And so you look forward our participation in their performance fees is going to increase over time. I think it's going to be a near-term phenomenon for a couple years out that will start to really matter and of course in any kind of business the performance isn't exactly linear every quarter, but the trends thus far have been good.
Turning to GMS, there what I would say is, we've quite frankly just because I said just a minute ago we've been disappointed with kind of where we've been but the broader piece of this business is still doing well. There is many components to it, first the CLO business remains very strong and we're continuing to grow that. Second, the carry fund platform both in terms of our [indiscernible] business as well as the energy mezzanine business those funds are much larger than they were in the past and we're very pleased with that.
Third, the BDC continues to grow it's our middle market credit business and we're very happy with that. Some of the hedge funds as well as the commodities business, they quite frankly you know the losses they've been greater than we anticipated and we're thinking through kind of what the next steps are there. But overall this is an area where we're looking to how do we balance continued investment for growth with actual current term profitability, so that's going to be the analysis that we're continuing to undertake.
Okay, great and thank you very much.
Thank you. Our next question is from Bill Katz of Citigroup. Your line is open.
Bill, I think you mentioned in your prepared remarks that [indiscernible] difficult in corporate private equity, I just wanted to sort of view to rate returns, I was wondering, if that's sort of generic comment or specific to Carlyle but maybe you can talk a little bit, how you still see Carlyle in overall basis, as you look out over the next couple of years?
Okay, thanks Bill. I would say that right now that it is tough to earn returns of 20% or more than private equity business, my comments will kind of concentrate on that part of the business as oppose to energy and natural resources and real estate. In the private equity side, and frankly across all asset classes you have the risk-free rate that has been driven down near zero all over the world, by the central banks, compounded by a continued reduction in the risk premium. So you have very low base rate and you have very low risk premium.
We have continued to earn I would say over the years significantly more than what the curve between risk and return might say, we should earn. We got a good team and good markets and good strategies that really helped us there. But to let's imagine that we have exceeded that line by some number of basis points a 1,000 or 500 or some huge number over a long period of time with a big drop downward in the risk-free rate and the drop in risk premium, to out earn that rate by enough to get us to 20% will be very difficult today now.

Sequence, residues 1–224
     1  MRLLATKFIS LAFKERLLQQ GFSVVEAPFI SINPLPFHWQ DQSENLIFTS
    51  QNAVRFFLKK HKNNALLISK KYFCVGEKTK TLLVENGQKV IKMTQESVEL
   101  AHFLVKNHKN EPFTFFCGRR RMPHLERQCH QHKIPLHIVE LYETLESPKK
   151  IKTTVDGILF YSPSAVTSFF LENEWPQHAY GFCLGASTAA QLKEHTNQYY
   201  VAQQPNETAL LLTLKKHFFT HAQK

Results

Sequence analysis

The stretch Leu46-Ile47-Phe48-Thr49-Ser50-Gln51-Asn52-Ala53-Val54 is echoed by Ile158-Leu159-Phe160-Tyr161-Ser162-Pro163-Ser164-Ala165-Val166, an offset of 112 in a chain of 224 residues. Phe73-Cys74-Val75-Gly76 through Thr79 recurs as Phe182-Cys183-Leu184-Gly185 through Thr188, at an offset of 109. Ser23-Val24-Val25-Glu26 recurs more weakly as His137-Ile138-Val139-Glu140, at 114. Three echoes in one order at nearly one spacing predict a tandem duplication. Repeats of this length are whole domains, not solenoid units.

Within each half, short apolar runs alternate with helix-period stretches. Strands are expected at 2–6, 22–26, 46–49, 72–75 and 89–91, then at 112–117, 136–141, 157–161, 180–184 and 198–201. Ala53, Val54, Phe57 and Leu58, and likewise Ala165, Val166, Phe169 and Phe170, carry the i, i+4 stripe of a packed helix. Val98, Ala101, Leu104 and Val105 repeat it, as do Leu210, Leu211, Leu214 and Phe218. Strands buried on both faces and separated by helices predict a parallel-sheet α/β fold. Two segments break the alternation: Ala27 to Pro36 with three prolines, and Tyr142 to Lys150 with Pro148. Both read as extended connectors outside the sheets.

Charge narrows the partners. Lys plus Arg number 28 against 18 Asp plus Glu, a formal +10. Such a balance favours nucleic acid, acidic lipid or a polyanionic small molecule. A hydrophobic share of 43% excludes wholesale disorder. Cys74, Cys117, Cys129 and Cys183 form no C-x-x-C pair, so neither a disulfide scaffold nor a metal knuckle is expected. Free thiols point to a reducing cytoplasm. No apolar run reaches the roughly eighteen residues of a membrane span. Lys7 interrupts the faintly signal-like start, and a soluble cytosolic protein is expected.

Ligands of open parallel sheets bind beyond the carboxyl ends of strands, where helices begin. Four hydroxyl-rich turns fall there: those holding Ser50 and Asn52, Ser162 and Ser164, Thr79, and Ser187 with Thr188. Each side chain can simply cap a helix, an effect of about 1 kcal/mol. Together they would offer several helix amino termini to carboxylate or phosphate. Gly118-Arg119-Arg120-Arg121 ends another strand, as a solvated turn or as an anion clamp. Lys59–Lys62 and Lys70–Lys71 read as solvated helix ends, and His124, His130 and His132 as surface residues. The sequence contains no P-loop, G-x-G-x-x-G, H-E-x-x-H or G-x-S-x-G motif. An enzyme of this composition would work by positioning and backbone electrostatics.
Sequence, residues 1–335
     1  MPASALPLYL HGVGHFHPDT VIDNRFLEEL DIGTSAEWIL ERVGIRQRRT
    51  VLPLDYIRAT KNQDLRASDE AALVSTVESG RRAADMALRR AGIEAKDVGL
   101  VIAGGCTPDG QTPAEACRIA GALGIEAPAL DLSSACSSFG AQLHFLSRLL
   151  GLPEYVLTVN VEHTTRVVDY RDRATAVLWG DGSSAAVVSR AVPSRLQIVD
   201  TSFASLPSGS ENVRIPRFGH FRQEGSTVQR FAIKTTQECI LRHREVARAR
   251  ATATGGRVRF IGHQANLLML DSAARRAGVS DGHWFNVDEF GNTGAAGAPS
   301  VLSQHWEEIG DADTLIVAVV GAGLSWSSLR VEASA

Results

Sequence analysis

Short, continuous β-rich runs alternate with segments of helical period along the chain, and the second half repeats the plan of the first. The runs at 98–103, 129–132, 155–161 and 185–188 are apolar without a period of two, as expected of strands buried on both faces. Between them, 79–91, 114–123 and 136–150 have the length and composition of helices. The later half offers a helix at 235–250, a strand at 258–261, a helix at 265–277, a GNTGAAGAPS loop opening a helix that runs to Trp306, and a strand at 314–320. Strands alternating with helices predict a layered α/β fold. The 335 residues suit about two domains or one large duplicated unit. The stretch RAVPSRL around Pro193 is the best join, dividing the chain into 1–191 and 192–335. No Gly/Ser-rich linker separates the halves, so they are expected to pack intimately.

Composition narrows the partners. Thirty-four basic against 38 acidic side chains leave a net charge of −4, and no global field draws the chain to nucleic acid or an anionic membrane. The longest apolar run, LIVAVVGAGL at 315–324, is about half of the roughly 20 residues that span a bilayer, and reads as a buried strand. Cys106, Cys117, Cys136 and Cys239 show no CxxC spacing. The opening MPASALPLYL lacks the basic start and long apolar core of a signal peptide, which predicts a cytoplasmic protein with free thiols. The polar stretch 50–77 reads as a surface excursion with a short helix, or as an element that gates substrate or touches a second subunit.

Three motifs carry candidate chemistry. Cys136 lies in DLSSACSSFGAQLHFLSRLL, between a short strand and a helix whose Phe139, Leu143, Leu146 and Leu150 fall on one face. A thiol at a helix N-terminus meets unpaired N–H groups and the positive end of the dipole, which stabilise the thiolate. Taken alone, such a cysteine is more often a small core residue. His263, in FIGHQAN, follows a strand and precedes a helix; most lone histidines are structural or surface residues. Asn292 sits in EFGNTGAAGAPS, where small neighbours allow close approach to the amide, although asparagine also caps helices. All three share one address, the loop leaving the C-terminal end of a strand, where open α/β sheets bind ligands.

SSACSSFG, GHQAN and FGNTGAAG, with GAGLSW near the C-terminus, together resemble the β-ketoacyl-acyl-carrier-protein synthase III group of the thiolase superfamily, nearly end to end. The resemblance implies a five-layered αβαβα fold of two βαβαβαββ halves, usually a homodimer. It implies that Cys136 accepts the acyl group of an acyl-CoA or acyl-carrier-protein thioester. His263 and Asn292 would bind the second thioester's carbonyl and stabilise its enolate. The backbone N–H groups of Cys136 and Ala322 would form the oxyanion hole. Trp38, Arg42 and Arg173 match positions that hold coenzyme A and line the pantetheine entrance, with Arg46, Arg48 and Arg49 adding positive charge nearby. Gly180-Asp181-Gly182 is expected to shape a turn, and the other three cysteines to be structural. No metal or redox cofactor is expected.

The line moves all the time between risk and return, what we will not do Bill is take undue risk in an effort to achieve that 20% or some other magic number kind of rate of return. We know the part of the risk fact we're good at, we're comfortable operating in and to move outside of that is not something that we would do at least not on purpose and hopefully we wouldn't do at all.
I'd say if you look around the world, it isn't unique to the United States that these returns are under pressure on new deals that we're constantly outbid around the world by other private equity firms and strategies. Few years ago, the strategies were not really very much competitors with Carlyle and the other private equity firms for assets. They were licking their wounds after the global financial crisis and I would say now, that they are much more in a mode of competing with us for products. Go ahead, David.
I would just say the flip side of that is investor expectations. Over the last year and half more so than any time over the last 30 years I have noticed that investors are willing to accept lower rate of return from all private equity firms because they recognize that the opportunity to get private equity returns from almost any other asset class is just not there and as low interest rates continue for quite some time much longer than people have anticipated, people are now making investments in private equity and other alternatives willing to take lower rates of returns than the kinds of we've averaged over our history. And so, yes we're under pressure to get good rates return, but investors are actually willing to put a fair amount of money into private equity across the board not just with us even though the rates of return may come down because it's just so difficult now with low interest rates and low equity market appreciation to get these kinds of returns anywhere else.
Let me add final comments, despite our struggles to earn the types of returns we want to earn. I'd say that we still invested $12.7 billion over the last 12 months which was a lot of money that have put to work and I'd say, if there's been one trend Bill, it's that, we probably tried to move up in quality and optimum [ph] capital structure and the types of deals, we've done. In my prepared remarks I talked about ION Technology and any P [ph] group where we had a, we moved kind of structured securities to get us a lot more downside protection we think.